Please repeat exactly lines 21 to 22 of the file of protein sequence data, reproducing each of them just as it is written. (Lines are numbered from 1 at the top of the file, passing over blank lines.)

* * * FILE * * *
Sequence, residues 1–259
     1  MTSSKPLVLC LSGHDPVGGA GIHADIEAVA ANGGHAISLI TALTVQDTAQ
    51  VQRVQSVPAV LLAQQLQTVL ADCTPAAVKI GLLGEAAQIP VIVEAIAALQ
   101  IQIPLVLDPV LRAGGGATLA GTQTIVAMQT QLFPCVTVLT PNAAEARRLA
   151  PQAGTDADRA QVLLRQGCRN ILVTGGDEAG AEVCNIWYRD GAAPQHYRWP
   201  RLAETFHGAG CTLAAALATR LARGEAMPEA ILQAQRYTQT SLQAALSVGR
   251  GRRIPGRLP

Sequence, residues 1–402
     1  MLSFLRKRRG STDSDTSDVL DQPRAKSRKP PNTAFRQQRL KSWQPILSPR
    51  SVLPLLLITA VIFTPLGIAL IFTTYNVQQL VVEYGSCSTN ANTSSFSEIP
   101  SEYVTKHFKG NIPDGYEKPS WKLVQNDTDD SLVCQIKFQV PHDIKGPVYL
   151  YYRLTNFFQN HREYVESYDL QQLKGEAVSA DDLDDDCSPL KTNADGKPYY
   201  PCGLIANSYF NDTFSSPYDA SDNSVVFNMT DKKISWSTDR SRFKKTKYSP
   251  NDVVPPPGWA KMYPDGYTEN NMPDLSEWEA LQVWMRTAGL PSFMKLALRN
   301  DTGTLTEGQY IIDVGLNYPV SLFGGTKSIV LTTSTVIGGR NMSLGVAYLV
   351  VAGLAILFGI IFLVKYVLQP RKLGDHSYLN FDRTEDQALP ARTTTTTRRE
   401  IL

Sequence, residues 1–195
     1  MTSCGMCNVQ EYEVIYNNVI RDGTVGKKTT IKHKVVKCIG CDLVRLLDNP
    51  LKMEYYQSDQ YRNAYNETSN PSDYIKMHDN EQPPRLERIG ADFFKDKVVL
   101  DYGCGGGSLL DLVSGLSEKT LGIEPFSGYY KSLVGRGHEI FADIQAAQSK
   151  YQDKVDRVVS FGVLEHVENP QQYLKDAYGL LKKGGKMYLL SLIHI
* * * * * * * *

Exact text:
   101  DYGCGGGSLL DLVSGLSEKT LGIEPFSGYY KSLVGRGHEI FADIQAAQSK
   151  YQDKVDRVVS FGVLEHVENP QQYLKDAYGL LKKGGKMYLL SLIHI